LBC is concerned with recording birds in Lincolnshire for the enjoyment of our members and to further the cause of bird conservation. We work closely with other organisations with similar aims to our own, principally BTO, RSPB and LWT. Many LBC members are also members of all or some of these organisations.
The majority of hard core birders in Lincs both serious and aspiring are members of LBC and if our collective efforts are organised we can make a difference to the position of birds in Lincs. One particular way we can do this is by helping to monitor the changing fortunes of our common and rarest birds in Lincolnshire from both a national and local perspective. A systematic list of all known and suspected breeding birds in Lincolnshire from 2000 onwards is reproduced in Table 1. Two measures of abundance are shown arising from the 2009 BTO Breeding Bird Survey (BBS). The first is the number of squares in which each species was recorded in the UK out of a total of 3,243. The second is the same statistic for Lincolnshire out of 51 squares surveyed. Many rarer Lincs species do not show up on the BBS survey because insufficient squares are covered. If you’d like to find out more about this survey and perhaps take part, find out more at www.bto.org/bbs . Unfortunately at the moment BTO splits Lincolnshire data between Lincolnshire and Humberside so at the moment certain data is missing. We are looking to address that point with BTO and hopefully we will have full data for 2010 onwards.
The next column shows the conservation status of species assessed to be of conservation concern by RSPB in 2010. Red data species have suffered over 50% falls in population since the early 70s and amber species have suffered lesser but serious falls. Some still abundant species like Skylark and House Sparrow are red listed because they are at least 50% less common than they used to be.
The final column shows the Rare Breeding Bird Panel (RBBP) status of those species which are absolutely “rare” or “less scarce” in the UK. The entry “LBC” refers to those breeding species which may be relatively common in the rest of the UK but are rare in Lincs. These birds are particularly attractive targets for egg collectors and we urge you not to pinpoint their nest sites in reports on the LBC forums or other public media. Our county recorders, John Badley (South) and John Clarkson (North) welcome all records of all rare breeding species with information about their breeding success where available, which should be sent direct to them.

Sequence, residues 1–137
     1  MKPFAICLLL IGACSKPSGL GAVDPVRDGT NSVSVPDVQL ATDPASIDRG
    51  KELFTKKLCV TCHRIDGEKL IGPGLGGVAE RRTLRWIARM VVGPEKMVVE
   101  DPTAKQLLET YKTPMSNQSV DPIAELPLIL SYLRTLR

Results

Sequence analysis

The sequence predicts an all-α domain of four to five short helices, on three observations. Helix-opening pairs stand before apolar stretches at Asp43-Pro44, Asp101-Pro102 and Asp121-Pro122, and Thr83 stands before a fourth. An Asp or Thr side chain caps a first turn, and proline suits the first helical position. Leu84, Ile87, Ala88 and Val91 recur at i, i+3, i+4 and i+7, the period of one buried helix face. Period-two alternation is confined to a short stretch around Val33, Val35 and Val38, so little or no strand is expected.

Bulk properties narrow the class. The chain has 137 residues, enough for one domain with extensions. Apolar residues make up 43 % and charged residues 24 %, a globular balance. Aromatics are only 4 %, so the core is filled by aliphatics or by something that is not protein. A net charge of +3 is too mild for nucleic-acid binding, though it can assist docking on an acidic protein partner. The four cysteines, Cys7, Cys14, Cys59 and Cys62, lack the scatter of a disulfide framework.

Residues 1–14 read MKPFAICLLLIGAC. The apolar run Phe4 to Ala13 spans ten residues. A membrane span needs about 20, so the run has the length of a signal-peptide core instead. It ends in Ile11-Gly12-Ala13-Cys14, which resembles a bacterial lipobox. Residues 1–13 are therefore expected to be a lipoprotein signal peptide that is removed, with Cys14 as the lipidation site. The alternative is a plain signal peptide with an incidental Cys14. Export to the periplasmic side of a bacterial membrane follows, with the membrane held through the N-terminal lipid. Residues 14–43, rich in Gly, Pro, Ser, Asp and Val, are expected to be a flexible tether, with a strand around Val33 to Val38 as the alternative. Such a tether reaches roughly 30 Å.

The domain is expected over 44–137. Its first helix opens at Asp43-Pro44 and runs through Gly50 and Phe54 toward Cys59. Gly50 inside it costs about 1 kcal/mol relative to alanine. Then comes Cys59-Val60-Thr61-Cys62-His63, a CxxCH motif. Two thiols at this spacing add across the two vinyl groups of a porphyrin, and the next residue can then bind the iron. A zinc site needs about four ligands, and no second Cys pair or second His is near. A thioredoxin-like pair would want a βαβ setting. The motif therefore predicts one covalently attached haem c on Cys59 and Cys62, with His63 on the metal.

If you suspect a bird is breeding and it is not on the list, please treat it as rare and contact the county recorders. Each year we compile a report to RBBP from the information you send us and other information we chase people for. The information is published annually by RBBP in the monthly magazine British Birds for the whole of the UK. The last report published was for 2008. We have submitted the 2009 data and are currently compiling 2010. For a sneak preview of the 2009 data for the whole of Lincolnshire look at Table 2.
An alternative way of looking at Lincolnshire Birds is to rank them by their relative abundance and this is shown in Table 3. The measure of abundance used in the first instance is the number of BBS squares in which each species is recorded in Lincolnshire. Where a species has not been recorded in Lincs BBS squares the UK figures are used. If we could cover more BBS squares we would pick up more species and the data would be better.
This list is very interesting and raises lots of questions. Please have a look at it and let me know if you think certain species should be added or deleted from those designated as LBC rare breeding birds with LBC against them in the final column. Finally it is interesting to ask; how does the relative density of birds recorded in the BBS in Lincolnshire compare to the rest of the UK? By looking at the relative occurrence of each species in Lincolnshire compared to UK we can get a handle on which birds our county is important for and which ones we are poor for. I’ve allocated each species for which we have data to one of 5 categories:
|Important||Lincolnshire is more than 50% better than rest of UK|
|Good||more than 10% better|
|Average||less than 10% better or worse|
|Less than average||more than 10% worse|
|Poor||more than 50% worse|
The data is in table 4. The data may not be statistically significant, does not yet cover the whole of Lincolnshire and is based on subjective measures but it does provide interesting work in progress. Once we have the BTO atlas results next year we will have a much better picture. The main headline is that Lincolnshire is important for farmland species and poor for specialist woodland species, no real surprise there but it does help focus priorities particular for our species of conservation concern, the most important red data species of which in 2009 are:
Number of squares
(out of 51)